Habitat degradation negatively affects auditory settlement behavior of coral reef fishes

Gordon, Timothy A. C., Harding, Harry R., Wong, Kathryn E., Merchant, Nathan D. ORCID: https://orcid.org/0000-0002-1090-0016, Meekan, Mark G., McCormick, Mark I., Radford, Andrew N. and Simpson, Stephen D. (2018) Habitat degradation negatively affects auditory settlement behavior of coral reef fishes. Proceedings of the National Academy of Sciences, 115 (20). pp. 5193-5198. ISSN 0027-8424

[thumbnail of pnas.1719291115]
PDF (pnas.1719291115) - Published Version
Available under License Creative Commons Attribution Non-commercial No Derivatives.

Download (1MB) | Preview


Coral reefs are increasingly degraded by climate-induced bleaching and storm damage. Reef recovery relies on recruitment of young fishes for the replenishment of functionally important taxa. Acoustic cues guide the orientation, habitat selection, and settlement of many fishes, but these processes may be impaired if degradation alters reef soundscapes. Here, we report spatiotemporally matched evidence of soundscapes altered by degradation from recordings taken before and after recent severe damage on Australia’s Great Barrier Reef. Postdegradation soundscapes were an average of 15 dB re 1 µPa quieter and had significantly reduced acoustic complexity, richness, and rates of invertebrate snaps compared with their predegradation equivalents. We then used these matched recordings in complementary light-trap and patch-reef experiments to assess responses of wild fish larvae under natural conditions. We show that postdegradation soundscapes were 8% less attractive to presettlement larvae and resulted in 40% less settlement of juvenile fishes than predegradation soundscapes; postdegradation soundscapes were no more attractive than open-ocean sound. However, our experimental design does not allow an estimate of how much attraction and settlement to isolated postdegradation soundscapes might change compared with isolated predegradation soundscapes. Reductions in attraction and settlement were qualitatively similar across and within all trophic guilds and taxonomic groups analyzed. These patterns may lead to declines in fish populations, exacerbating degradation. Acoustic changes might therefore trigger a feedback loop that could impair reef resilience. To understand fully the recovery potential of coral reefs, we must learn to listen.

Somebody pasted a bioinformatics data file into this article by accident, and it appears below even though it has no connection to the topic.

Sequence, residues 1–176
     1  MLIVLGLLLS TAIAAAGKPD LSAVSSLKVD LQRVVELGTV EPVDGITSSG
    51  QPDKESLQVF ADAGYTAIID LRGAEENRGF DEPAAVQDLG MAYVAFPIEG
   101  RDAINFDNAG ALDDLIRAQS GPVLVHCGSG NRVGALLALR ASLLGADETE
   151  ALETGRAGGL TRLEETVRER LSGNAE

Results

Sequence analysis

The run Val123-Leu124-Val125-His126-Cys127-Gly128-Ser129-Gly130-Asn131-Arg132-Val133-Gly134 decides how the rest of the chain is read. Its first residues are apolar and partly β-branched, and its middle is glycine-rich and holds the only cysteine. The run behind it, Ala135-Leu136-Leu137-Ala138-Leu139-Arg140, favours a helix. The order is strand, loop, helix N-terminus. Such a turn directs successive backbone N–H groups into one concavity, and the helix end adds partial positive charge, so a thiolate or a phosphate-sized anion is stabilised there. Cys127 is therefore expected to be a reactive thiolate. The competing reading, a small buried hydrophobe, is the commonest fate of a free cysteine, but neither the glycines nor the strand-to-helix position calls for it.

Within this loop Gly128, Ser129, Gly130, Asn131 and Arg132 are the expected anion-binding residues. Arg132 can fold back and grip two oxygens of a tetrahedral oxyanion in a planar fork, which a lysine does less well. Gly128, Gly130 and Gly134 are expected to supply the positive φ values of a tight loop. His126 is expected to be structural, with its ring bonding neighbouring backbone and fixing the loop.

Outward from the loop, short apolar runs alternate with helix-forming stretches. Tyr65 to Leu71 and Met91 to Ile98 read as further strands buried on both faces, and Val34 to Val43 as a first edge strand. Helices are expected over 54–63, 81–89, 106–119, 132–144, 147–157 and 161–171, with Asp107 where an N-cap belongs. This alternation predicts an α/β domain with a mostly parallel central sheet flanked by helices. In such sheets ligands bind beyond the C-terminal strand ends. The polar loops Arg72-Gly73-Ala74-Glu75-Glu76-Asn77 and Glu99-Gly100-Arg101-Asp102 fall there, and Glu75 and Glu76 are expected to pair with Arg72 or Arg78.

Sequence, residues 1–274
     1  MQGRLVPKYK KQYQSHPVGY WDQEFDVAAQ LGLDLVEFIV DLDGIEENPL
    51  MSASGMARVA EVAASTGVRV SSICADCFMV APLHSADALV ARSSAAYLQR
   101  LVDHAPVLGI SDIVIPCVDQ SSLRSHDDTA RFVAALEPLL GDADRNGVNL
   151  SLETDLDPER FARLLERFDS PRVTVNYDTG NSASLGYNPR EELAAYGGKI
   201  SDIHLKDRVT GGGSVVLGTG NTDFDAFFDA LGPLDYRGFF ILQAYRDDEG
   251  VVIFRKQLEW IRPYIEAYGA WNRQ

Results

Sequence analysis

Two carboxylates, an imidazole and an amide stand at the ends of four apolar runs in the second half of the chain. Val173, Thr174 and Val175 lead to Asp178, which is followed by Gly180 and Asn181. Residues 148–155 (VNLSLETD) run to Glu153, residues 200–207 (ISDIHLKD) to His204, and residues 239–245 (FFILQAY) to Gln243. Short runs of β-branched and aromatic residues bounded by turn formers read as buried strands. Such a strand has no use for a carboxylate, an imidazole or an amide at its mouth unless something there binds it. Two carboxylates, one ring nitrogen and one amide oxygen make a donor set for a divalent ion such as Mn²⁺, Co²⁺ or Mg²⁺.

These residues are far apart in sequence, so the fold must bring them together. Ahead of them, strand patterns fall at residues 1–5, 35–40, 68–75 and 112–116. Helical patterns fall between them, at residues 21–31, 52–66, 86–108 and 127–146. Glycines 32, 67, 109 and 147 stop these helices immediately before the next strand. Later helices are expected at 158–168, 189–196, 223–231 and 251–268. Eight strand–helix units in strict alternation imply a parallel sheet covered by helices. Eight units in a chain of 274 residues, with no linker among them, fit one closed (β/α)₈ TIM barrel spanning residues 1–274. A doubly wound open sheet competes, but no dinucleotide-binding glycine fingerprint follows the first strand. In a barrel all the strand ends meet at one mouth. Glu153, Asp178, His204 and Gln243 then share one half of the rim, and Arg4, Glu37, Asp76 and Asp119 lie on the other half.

Item Type: Article
Faculty \ School: Faculty of Science > School of Environmental Sciences
UEA Research Groups: Faculty of Science > Research Groups > Collaborative Centre for Sustainable Use of the Seas
Related URLs:
Depositing User: LivePure Connector
Date Deposited: 28 Mar 2022 11:30
Last Modified: 22 Oct 2022 17:39
URI: https://ueaeprints.uea.ac.uk/id/eprint/84307
DOI: 10.1073/pnas.1719291115

Actions (login required)

View Item View Item